21 MLK Day events in Birmingham January 16-23

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MLK Jr. MLK Day events in Birmingham
The Rev. Dr. Martin Luther King, Jr. Photo via Birmingham Civil Rights Institute’s Facebook

While Martin Luther King Day holds significance for the entire country, so much Civil Rights history happened right here in Birmingham. Monday, January 18 is the official holiday, and has become a day for people to give back to their community. Throughout the weekend, there are opportunities to serve, learn, move, shop and even head to the Zoo as a way to honor Dr. King’s legacy. Keep reading to find out about all the MLK Day events we found from January 16-23.

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Join United Way for MLK Day of Service + continue a nearly two-decade-long tradition

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Previous MLK Day of Service projects brought in 1,000-2,000 volunteers each year to help the Greater Birmingham community. Photo via United Way of Central Alabama, taken pre-COVID19

For nearly two decades, volunteers across Birmingham have built up vulnerable parts of our community through hands-on service projects. See why participating during United Way of Central Alabama’s (UWCA) MLK Day of Service is a tradition you’ll wish you were a part of sooner. Sign up today for service events taking place Saturday, January 16 and Monday, January 18.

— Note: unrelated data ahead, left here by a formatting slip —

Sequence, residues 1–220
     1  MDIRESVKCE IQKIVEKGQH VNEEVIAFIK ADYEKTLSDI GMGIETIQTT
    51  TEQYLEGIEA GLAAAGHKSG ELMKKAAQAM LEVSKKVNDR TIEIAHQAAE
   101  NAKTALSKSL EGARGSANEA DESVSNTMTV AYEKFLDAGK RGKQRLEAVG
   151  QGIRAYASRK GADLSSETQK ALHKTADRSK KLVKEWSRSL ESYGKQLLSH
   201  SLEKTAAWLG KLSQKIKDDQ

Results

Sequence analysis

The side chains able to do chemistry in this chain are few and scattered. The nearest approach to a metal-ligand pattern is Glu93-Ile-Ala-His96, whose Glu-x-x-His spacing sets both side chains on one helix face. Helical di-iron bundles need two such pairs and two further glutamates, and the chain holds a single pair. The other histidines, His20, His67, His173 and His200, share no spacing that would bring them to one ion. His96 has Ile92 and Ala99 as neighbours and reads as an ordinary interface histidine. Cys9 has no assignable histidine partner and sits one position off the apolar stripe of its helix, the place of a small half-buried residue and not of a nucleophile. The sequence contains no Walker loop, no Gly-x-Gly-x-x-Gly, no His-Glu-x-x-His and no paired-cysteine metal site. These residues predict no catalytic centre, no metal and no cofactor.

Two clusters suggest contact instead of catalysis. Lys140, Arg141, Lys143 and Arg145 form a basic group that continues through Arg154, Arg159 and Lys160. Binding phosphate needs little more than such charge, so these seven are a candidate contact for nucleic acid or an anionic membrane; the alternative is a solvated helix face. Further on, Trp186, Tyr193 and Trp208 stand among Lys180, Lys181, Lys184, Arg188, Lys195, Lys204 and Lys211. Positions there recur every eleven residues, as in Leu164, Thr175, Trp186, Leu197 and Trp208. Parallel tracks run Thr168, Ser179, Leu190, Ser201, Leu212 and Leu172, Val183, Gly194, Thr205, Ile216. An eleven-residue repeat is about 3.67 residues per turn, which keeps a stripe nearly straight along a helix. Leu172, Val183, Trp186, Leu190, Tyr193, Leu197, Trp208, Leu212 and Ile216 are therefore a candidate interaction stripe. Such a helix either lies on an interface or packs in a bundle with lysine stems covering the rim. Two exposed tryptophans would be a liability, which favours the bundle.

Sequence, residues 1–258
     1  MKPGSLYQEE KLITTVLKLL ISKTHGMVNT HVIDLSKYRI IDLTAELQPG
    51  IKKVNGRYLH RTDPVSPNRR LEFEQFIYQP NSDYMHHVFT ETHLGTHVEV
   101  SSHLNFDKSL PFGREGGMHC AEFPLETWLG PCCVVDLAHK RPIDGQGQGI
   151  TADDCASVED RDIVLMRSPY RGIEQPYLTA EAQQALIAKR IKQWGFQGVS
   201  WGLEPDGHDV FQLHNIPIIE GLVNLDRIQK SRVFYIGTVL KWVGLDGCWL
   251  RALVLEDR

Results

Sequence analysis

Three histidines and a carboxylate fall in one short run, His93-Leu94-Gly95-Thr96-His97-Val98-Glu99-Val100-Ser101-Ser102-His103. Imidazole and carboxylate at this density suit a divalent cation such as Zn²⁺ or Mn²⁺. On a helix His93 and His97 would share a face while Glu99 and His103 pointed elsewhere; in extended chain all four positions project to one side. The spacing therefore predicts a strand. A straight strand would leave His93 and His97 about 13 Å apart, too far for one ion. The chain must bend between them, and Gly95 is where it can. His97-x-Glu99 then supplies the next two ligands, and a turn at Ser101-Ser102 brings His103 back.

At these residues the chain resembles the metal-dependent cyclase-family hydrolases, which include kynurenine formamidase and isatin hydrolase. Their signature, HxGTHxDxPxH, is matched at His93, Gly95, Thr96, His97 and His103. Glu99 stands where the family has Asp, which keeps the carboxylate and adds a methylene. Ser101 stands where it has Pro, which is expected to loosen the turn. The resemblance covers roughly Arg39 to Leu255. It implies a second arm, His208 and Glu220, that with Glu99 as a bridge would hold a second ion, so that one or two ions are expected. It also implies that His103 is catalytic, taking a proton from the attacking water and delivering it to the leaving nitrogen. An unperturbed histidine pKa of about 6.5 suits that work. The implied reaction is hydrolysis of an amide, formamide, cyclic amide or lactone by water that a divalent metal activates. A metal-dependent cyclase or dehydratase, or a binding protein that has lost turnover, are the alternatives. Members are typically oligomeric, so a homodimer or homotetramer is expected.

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Stick to your resolution with these virtual 5Ks in Birmingham

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Running for a cause. Photo via Rumpshaker 5K’s Facebook

Staying healthy is a top priority right now. Vaccines are here for healthcare workers, but there is more to keeping your health up and staying safe. Eating well and exercising are essential to staying well and feeling good. Birmingham has several virtual 5Ks to get you moving while supporting local causes.

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Jews and the Civil Rights Era: Birmingham (II &III)

Part II

16th Street Baptist Church from the BCRI

If there were a pilgrimage essential to the American experience, Martin Luther King Jr. Day in Birmingham, Alabama would be it. Disney after a Superbowl is nice and all, and St. Patrick’s Day in Chicago sounds, well, however it is that sounds, but if we’re talking about places and events that define pride in place and heritage, that American optimism we all seek, if you’re looking for life in the places you only thought of as confined to history books and tearjerk-films, and if we’re going to be facing truths that are hard as the weathered faces looking out at the high school marching bands from the steps of 16th Street Baptist Church, you have to be in Birmingham.

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Jews and the Civil Rights Era: Selma (I)

Martin Luther King Jr.’s birthday is tomorrow. This is the first part of two pieces recapping some of the Jewish involvement in the Civil Rights Era.

Abraham J. Heschel and MLK Jr.

The history of the Jews in Alabama is one that is long, silent, and largely unrecognized. For one, the population of Jews has decreased by a large margin in the last three generations. Many left for Atlanta and Memphis, many stayed only as long as children weren’t in yeshivas (religious schools) before moving North, and many lost their Jewish identity for marriage, assimilation, the reasons go on and on. And while the journey of the Jews in the South is fascinating, I will be focusing only on the 1960s in Birmingham.

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